Co-Founder & Director
Entrepreneurship for David Hwan is a subject that begins at home. With a great-grandfather, grandfather, and father having run successful ventures, the Philosophy and Tax Economics student from the University of Amsterdam saw setting up Refugees Forward with Diederick van der Wijk as a natural challenge. David looks beyond political labels and sees the newcomers in the Refugees Forward program as entrepreneurs alone. Perhaps their influences helped David take inspiration from a much-quoted African proverb that stresses the need of combining forces to take a vision as far as can be. In his work at Refugees Forward, he hopes to bring different strengths together to make a lasting positive impact on the larger society. Before he launched Refugees Forward, David worked at PricewaterhouseCoopers in Amsterdam at the M&A Department. David also spent seven months in Indonesia working as an English teacher at an orphanage.
Lately, David has been adding Arabic to his repertoire of languages that includes Dutch, English, (street) Indonesian, and smatterings of German. He is also preparing to take part in the half-Ironman contest while continuing to be a compulsively competitive amateur pool player.
What was the genesis of the idea of Refugee Forward?
Setting up something of my own to solve a big social problem was the prime motivation to create Refugees Forward. Together with Diederick, we came up with the idea to empower newcomers who had great talent. I am driven by the idea of making an impact on the greatest possible scale, simply because I know I can do it. I believe the allure of the challenges that came with the narrative, and the growth and learning along the way also prompted me to walk into this idea and begin fleshing it out.
How did your education help in the process?
While studying Tax Economics made me realise that my calling was not to be within the four walls of a corporation, it has eventually come to help entrepreneurs who choose to enrol in our program. Additionally, my degree in Philosophy made me analytical, giving me strong argumentative skills, and a certain humbleness that comes when one realises there are limits in what one can do in any situation.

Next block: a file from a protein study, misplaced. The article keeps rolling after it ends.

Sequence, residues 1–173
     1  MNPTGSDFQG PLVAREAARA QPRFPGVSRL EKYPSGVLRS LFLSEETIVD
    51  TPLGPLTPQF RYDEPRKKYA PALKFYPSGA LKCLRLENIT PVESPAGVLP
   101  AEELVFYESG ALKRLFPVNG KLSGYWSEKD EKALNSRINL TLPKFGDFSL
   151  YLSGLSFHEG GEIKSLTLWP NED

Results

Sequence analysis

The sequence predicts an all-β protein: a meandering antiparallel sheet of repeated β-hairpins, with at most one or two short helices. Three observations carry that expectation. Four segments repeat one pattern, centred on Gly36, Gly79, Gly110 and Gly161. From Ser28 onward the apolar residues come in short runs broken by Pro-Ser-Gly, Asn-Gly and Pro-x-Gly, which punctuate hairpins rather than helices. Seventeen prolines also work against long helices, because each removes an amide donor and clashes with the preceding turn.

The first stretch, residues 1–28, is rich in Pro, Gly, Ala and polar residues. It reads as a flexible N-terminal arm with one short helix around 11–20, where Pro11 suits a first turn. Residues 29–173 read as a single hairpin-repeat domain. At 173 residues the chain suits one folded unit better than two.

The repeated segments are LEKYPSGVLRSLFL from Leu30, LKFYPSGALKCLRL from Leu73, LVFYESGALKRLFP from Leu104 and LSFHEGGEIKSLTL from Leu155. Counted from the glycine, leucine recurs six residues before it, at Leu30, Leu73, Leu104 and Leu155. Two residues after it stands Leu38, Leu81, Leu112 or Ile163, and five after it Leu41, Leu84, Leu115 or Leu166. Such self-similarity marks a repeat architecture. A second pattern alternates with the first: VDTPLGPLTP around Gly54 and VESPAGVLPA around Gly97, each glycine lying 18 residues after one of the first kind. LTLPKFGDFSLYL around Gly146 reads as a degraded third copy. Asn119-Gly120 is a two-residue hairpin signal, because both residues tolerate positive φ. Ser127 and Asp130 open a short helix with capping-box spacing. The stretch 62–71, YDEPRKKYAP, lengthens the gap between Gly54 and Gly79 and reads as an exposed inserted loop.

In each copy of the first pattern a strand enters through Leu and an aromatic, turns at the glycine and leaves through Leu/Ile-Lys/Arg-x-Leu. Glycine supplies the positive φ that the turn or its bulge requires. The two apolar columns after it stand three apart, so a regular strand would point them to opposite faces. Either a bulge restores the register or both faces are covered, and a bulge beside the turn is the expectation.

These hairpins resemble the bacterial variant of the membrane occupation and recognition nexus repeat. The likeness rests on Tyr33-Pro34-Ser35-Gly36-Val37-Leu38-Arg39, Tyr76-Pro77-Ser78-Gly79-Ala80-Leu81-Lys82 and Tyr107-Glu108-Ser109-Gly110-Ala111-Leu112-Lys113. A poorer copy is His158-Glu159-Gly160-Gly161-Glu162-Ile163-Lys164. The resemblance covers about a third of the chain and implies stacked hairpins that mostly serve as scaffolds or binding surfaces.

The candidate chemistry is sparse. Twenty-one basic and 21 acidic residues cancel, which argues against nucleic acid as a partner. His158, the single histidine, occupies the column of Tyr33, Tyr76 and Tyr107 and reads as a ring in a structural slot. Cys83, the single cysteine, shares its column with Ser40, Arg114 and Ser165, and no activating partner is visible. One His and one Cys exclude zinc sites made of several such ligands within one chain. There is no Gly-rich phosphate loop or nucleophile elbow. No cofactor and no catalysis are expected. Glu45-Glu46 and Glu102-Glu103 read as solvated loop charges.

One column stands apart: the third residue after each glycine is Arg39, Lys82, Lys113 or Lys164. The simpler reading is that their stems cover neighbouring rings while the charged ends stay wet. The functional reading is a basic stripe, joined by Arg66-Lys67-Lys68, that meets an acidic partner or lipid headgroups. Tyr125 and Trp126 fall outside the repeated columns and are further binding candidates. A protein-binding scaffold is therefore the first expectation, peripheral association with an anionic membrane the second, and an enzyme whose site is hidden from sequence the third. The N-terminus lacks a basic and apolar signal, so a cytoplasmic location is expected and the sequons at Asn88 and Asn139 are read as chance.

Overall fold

Studying and creating a start-up must have been difficult. What were those days like? Give us a brief insight into the first few months of building this enterprise?
To be honest, I never found it difficult. Everything came quite naturally, even working with my best friend and roommate Diederick. There were moments when we worked from 05:00 am till 11:00 pm in the night but those moments were still enjoyable. I loved every part of it, and the first months were all about learning what we wanted to do and trying it out. We planned an event, even before we had a program, to test one of our assumptions. The thrill of learning by doing, diving right into the deep blue and gathering a committed group of people around you is unbelievable. Recollecting all of this makes me realise how far we have come, and all of us, from our very first volunteers to our new team members, from experienced investor to the first-year student, all of us did it together, and that was how it was from the very start.
What have been your greatest learning during the entire process?
I did not think of myself as an entrepreneur, even though both my granddad and my father were successful entrepreneurs, a fact I realised recently. I always saw myself in corporate life and making an impact later. By actually getting started I realised that entrepreneurship is a mindset, a way of doing things your way. Though I am still both shy (which is very counter to my actual personality) and astonished when people call me a true entrepreneur, I am starting to believe it myself.